Judging by a poll of IrishCentral readers, it appears that Donald Trump, now the presumptive Republican presidential candidate after the Super Tuesday primaries, has a slight edge over Hillary Clinton among the Irish diaspora.

Out of the 6,798 people who participated in the poll, 3,039, or 45%, said they would vote for Trump. Keen for team Hillary were 41% of the participants (2,768), and 991 of the voters, or 15%, said they would not support either candidate.

The majority of those who took the poll – 5,389 – were based in the US. This group of voters, Irish America, were mostly in favor of Donald Trump, who secured 52% of their votes. Hillary got 34% of the votes in the US, while 13% replied that they wouldn’t vote for either candidate.

Perhaps most surprising was New York state, where Hillary Clinton served as Senator for New York form 2001 to 2009. Eighty per-cent of the 1,845 readers who voted from New York said they would support Donald Trump, while only 15% said Clinton would have their vote.

Trump also won handily in Florida, Virginia, North Carolina, South Carolina, Georgia and Oklahoma. Clinton got the majority of votes in Pennsylvania, Connecticut, Massachusetts, California, Washington, Iowa, Michigan and Illinois. Only in Oregon, Utah, Alaska, Alabama, Mississippi, and Bernie Sanders’ state of Vermont did the majority of voters say they would not back either candidate.

Outside of the US, in the nearly 60 countries from which readers participated in the poll, Clinton was the winner. This was especially the case in Ireland, where she snagged 75% of the 499 votes, in the UK where she got 74%, and in Canada where she won 53%. Trump’s most supportive countries outside of the US were Thailand and Mexcio – the latter especially surprising given his campaign promise to make Mexico pay for a border wall and his insulting comments about Mexican immigrants.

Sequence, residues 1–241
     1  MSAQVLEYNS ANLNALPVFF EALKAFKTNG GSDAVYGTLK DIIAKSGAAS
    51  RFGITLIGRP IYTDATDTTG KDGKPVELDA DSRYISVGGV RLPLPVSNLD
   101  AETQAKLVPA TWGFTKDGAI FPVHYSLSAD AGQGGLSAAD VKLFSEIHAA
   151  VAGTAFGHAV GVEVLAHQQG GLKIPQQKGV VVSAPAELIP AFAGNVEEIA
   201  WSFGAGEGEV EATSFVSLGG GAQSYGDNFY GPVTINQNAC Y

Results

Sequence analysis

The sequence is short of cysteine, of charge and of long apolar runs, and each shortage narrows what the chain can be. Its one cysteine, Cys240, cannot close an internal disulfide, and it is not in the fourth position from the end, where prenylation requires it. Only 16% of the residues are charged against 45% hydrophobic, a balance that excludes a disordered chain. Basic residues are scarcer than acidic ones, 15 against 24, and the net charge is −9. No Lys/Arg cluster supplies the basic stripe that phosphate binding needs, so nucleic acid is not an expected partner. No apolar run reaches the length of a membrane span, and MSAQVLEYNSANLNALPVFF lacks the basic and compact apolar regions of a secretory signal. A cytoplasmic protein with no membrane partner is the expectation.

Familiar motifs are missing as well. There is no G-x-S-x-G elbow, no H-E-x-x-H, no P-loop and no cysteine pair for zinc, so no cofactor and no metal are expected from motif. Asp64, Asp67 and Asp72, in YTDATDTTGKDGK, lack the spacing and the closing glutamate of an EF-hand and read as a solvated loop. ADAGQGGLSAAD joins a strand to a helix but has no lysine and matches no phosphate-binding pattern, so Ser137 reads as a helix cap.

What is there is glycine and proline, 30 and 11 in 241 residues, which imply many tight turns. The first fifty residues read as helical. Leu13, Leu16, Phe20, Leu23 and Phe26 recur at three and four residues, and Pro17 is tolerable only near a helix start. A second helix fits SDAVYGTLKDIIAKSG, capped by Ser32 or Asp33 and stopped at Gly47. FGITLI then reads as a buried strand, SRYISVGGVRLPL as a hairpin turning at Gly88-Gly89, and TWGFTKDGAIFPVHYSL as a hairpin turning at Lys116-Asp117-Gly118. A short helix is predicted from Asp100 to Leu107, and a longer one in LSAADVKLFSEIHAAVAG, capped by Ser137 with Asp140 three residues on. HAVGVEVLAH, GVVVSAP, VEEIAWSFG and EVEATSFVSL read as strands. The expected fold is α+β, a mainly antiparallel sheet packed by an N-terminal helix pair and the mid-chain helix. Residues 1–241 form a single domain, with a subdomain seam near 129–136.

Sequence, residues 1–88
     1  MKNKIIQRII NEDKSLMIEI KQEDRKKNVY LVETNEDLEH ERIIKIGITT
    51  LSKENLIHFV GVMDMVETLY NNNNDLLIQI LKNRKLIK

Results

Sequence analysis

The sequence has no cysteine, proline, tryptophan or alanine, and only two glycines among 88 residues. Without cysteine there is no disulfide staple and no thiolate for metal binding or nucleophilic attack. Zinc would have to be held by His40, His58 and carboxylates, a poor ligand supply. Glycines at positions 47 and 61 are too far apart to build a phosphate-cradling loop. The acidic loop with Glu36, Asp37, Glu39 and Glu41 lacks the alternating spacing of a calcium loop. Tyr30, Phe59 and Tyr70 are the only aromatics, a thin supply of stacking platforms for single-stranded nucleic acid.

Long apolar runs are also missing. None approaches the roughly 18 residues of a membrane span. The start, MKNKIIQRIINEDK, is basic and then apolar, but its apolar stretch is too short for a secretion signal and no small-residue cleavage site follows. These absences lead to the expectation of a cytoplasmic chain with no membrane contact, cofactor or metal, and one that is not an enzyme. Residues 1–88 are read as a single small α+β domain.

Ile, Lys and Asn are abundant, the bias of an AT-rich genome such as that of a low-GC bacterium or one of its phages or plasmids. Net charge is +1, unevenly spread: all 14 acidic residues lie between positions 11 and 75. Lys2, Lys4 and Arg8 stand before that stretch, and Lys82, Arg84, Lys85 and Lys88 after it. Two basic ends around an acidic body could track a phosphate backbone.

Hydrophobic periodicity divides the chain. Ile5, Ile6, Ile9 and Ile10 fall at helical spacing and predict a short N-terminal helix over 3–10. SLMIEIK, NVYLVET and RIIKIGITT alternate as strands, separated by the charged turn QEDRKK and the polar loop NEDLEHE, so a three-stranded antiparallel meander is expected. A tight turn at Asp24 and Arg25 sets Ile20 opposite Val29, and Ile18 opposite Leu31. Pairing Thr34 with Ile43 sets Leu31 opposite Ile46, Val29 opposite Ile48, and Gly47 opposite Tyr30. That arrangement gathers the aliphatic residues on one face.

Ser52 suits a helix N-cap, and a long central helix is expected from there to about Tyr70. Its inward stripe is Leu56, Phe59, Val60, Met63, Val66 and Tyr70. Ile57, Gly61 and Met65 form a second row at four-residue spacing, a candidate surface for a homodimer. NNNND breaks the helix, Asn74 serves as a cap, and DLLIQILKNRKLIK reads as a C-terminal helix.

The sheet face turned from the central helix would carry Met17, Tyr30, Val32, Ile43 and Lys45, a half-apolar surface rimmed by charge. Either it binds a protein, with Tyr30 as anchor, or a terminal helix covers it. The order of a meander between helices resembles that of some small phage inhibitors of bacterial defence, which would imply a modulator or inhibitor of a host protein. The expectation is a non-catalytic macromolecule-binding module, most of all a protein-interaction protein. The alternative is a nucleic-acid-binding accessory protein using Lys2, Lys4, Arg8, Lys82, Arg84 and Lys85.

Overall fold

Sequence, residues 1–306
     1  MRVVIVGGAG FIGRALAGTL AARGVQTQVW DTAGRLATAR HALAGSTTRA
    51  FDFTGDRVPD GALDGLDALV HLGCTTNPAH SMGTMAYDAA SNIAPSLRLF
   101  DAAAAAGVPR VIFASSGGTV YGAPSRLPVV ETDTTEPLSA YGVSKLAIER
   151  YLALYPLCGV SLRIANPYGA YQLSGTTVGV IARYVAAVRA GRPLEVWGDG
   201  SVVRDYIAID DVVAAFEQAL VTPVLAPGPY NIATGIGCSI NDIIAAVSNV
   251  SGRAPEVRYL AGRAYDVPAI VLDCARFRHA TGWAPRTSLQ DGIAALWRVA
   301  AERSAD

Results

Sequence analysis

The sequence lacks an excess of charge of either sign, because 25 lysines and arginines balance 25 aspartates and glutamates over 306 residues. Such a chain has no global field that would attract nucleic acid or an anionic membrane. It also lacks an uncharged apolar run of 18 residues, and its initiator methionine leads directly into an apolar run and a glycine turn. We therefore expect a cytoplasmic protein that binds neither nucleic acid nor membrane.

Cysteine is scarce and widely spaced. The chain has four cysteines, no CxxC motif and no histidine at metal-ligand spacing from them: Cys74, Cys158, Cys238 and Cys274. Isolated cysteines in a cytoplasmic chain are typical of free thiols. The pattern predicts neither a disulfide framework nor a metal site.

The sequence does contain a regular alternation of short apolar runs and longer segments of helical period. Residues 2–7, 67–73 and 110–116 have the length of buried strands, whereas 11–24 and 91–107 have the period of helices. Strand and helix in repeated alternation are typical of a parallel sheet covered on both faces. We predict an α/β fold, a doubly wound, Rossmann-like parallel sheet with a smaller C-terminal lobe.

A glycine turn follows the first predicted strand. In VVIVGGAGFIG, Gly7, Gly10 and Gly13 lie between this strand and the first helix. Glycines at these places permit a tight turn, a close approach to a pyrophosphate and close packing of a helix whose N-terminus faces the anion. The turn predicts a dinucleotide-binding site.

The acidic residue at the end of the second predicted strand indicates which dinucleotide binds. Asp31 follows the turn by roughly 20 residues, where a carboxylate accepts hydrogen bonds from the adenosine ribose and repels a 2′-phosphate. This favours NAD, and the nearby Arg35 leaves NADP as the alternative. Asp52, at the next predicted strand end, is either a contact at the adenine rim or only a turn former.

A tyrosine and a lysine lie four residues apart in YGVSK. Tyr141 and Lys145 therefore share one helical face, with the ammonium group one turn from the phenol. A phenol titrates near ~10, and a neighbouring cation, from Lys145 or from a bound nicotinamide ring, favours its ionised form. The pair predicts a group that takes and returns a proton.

When it came to age, Trump earned most of his support from readers ages 55 – 64 and 65+, and also scored some major points from the seven 13 – 17-year-olds who participated. Clinton was backed by readers ages 25 – 34, 35 – 44, and 18 – 24, though a sizable proportion of this last group said they would not choose Clinton or Trump.

The participants were close to evenly split between male and female, with women supporting Clinton more and men slightly more skewed towards Trump.

The comment sections, both on the poll article itself and on social media, were full of attacks against and passionate remarks in favor of the candidates – some, as you might imagine, less respectful and cogent than others.

“I’m not from USA but from where I am, I see that Trump is the laughing stock of the world right now. He is crude, racial, nasty and it would be a sad day to see a proud country like the USA to have him as their leader. The world would be laughing at them as well,” said Jeanette Young on Facebook.

“I think we need a change in America from the same old same old, business as usual politicians,” wrote one commenter under the moniker Tip McConnell. “Donald Trump is clearly not part of the club.”

“I would vote for Hillary Clinton because I think that she has the best chance to defeat the Donald and I think that she can stabilize the country better,” commented Les Redding.

A Bernie Sanders supporter, Benji Kauth, shared his long-term views: “If we don't elect Bernie, we deserve Trump. Lack of political participation and turning a blind eye to greed and cronyism created the opportunity for someone like Trump to get elected. We might need a wake-up call to get people to actually do something about it. Don't do it this election? Maybe the pain of a Trump presidency would get more people to actually vote out these greed-mongers.”

Another reader who was foremost a Sanders supporter, Kathleen Jones, wrote that for her there’d be “no question between Hillary and Trump. She is a brilliant and tough woman with much experience. Trump is a narcissistic ego maniac who is spreading hatred and endangering our relationships with other countries.”

Will the same statistics hold come November if Clinton and Trump earn their parties nominations? We’ll conduct another poll close to then to find out. In the meantime, it’s a very close race.

 

Is GOP hopeful Donald Trump about to destroy the “special relationship” too?